It's a lesson South Carolina coach Steve Spurrier learned the hard way a long, long time ago as the Florida coach: Be careful what you say when you're out on the spring speaking tour because your words may come back to haunt you. Or at least make you the most notorious coach in your conference.
The booster circuit is a staple among America's college football coaches, a chance to travel the area, meet-and-greet — and sometimes take shots at your archrival.
But in today's society, cell phones and video cameras are more prevalent than ever, increasing the chance something that's said will get carried beyond the hotel ballroom. And lately some SEC coaches have found themselves mired in controversy over public comments they've made that have spread like wildfire in newspapers, on TV, over the Internet and via social media.
It has coaches giving serious thought to what they say — and how — when in public.
"I think it's sad you can't go to your Bulldog clubs or whatever clubs and just have a little fun," Georgia coach Mark Richt said during this week's SEC spring meetings. "I think a lot of things are said just trying to have a little fun and get everybody to have a good laugh. People come and pay to see it. They come to see their coaches, and they are all true-blue Bulldogs or whatever contingent they are with, and if you can't say anything about anybody else without it becoming a big issue, it becomes less fun. But obviously, I'm guarding my words today. That's kind of what you get used to doing. You have to."
Florida offensive line coach Tim Davis got a harsh lesson in off-the-cuff remarks when he filled in for UF coach Will Muschamp at the Brevard County Booster Club Gator Gathering last month. Davis and Muschamp are former assistants under Alabama coach Nick Saban, and Davis referred to Saban as "the devil himself." Muschamp and UF athletic director Jeremy Foley called Saban to apologize.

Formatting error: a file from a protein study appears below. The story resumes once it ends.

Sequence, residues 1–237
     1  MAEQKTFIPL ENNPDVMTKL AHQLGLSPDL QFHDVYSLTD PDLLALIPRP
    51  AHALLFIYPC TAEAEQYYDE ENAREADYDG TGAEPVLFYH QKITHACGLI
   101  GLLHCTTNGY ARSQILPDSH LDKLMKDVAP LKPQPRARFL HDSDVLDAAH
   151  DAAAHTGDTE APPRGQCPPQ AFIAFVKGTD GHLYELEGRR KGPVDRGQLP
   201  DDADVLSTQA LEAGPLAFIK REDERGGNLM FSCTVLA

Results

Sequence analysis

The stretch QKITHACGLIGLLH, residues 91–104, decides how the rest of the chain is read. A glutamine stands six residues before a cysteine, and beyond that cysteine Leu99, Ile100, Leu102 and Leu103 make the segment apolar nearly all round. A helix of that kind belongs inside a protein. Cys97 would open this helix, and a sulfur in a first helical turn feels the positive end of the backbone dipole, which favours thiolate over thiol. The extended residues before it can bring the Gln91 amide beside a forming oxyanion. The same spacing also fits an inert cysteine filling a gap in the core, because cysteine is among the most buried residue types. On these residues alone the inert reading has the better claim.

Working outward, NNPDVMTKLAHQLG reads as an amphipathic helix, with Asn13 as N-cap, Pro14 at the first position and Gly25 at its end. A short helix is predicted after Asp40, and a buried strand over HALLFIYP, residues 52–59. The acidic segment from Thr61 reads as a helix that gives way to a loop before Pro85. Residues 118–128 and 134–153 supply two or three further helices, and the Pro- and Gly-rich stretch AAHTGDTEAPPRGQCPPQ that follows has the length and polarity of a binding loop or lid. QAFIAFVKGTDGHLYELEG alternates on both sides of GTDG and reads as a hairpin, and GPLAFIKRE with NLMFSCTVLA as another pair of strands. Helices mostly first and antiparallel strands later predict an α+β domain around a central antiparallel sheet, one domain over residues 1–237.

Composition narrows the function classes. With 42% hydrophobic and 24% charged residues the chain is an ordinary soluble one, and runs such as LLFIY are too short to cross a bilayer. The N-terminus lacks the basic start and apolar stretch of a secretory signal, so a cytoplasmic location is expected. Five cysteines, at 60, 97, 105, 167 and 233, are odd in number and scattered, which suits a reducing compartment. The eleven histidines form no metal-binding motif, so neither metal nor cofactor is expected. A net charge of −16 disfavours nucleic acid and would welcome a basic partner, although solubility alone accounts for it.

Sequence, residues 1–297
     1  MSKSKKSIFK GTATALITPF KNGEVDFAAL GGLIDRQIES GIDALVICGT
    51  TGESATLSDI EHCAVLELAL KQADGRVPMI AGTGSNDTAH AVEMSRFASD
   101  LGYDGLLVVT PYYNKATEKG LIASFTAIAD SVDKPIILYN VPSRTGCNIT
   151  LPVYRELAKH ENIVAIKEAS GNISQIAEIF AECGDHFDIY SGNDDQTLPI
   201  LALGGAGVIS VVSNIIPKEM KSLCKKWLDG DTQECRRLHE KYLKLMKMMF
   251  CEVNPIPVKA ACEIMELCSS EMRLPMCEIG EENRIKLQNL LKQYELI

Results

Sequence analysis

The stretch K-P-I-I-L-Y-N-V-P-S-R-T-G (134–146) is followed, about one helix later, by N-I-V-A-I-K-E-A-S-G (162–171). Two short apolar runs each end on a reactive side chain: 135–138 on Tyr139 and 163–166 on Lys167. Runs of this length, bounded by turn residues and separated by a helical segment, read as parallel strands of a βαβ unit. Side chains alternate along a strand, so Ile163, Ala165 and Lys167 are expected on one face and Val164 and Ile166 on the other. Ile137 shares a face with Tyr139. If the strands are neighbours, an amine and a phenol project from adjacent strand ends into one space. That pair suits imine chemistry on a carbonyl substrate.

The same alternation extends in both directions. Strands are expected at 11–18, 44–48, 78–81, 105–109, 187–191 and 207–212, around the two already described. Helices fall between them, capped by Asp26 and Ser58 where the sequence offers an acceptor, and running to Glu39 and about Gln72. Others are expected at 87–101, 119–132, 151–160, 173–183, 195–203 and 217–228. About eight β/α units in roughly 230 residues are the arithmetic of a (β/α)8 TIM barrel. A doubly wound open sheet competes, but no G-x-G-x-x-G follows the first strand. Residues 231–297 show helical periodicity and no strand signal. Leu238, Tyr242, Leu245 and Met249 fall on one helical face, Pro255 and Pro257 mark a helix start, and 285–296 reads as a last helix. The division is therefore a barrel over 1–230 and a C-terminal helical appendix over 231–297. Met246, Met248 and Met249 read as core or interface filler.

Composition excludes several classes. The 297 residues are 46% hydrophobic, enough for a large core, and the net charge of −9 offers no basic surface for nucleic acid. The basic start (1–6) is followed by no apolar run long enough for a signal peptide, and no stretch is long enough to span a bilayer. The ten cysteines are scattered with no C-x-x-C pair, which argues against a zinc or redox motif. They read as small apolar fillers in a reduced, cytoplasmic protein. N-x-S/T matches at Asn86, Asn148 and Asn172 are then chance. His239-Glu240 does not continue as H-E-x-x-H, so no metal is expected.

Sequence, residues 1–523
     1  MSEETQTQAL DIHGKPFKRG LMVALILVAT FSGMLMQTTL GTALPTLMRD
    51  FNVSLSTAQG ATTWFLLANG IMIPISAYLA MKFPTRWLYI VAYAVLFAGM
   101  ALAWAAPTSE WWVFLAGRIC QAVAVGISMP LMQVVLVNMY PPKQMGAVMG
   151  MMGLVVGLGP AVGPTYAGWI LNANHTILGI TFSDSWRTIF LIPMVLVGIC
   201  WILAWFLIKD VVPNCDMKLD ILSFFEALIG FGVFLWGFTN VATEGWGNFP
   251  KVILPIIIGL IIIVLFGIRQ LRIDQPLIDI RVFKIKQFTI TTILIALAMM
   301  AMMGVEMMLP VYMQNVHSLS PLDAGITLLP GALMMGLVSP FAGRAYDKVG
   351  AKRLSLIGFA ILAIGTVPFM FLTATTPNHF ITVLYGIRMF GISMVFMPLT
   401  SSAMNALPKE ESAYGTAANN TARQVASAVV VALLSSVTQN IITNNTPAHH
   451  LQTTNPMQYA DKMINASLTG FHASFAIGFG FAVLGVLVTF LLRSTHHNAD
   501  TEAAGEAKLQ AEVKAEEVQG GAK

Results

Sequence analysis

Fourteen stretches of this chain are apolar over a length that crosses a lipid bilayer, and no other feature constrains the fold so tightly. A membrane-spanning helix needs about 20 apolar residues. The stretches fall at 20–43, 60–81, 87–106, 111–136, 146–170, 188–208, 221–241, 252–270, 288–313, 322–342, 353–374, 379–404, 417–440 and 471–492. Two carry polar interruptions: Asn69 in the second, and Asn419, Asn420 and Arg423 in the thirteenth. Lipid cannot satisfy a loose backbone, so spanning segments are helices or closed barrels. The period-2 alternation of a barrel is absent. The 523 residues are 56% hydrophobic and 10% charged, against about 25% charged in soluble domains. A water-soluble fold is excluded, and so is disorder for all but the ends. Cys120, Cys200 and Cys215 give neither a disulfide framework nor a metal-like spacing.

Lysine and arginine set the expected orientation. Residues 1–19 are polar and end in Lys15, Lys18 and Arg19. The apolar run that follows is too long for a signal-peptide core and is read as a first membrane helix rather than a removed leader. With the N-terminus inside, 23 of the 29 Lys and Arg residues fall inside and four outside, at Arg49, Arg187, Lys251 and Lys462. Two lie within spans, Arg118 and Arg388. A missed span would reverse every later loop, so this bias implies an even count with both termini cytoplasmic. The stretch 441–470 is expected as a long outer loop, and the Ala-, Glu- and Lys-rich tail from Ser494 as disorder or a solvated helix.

"I was very disappointed with what Tim said," Muschamp said Wednesday. "I don't think it's reflective of his true opinion of Nick and the opportunities that Nick gave him at Miami and at Alabama. I've talked to Nick about the subject, and Tim, and we've moved forward."
About four months earlier, Vanderbilt coach James Franklin referred to Saban as "Nicky Satan" during a high school sports banquet. Franklin later apologized, saying it was just a joke.
First-year Arkansas coach Bret Bielema, a former Wisconsin coach, said this week he believes the SEC's success makes it tougher on coaches because the national spotlight shines so brightly on the league. He got himself in the hot seat in March — at an Arkansas booster fish fry. Bielema told the Razorback faithful he had come to "beat Alabama," then added, "You can take Saban's record when he was at Michigan State and when he was a coach in the Big Ten and put it against mine, and he can't compare."
"I think it is (the nature of the beast in the SEC)," Bielema said. "You've probably seen several things since then that have blown way up. Believe me, I'm on guard all the time, I realize in today's world anybody can say anything at any given time and report it, and any blogger can say anything and anybody can get credentials. But that was a Q&A with about 500 people in a high school gym. … I totally had fun with it. It was a joke. But no more jokes, I can't be entertaining. It was a great teaching point for me and our coaches."
Back in the day, Spurrier was notorious for some of his speaking tour comments. Most famous: referring to FSU as "Free Shoes U" during an NCAA investigation; and "You can't spell Citrus (Bowl) without UT" after Tennessee made numerous postseason trips to the Citrus Bowl. He has mellowed of late and said this week that despite the abundance of technology in today's world, it doesn't necessarily mean you can't get loose from time to time. You just have to be careful. Spurrier said one of his best lines at booster tours now is referring to North Carolina as "the favorite school of (Clemson coach) Dabo Swinney."
"I think you can joke around a little bit," Spurrier said. "At one time, Dabo said, 'The real Carolina (is) North Carolina,' with their tradition in basketball and so forth. That's his favorite Carolina, North Carolina, so I say that. I don't know if that's going to be funny or what. No big deal. Dabo's starting to laugh about it now."
For LSU coach Les Miles, the desire to back it down is tempting, but he said he just can't manage to give in to it. At least not yet.
"You have to realize that there's never any time where you're not in front of the media," Miles said. "It just doesn't happen. But it hasn't (altered his behavior) much. I wish it had more, to be honest."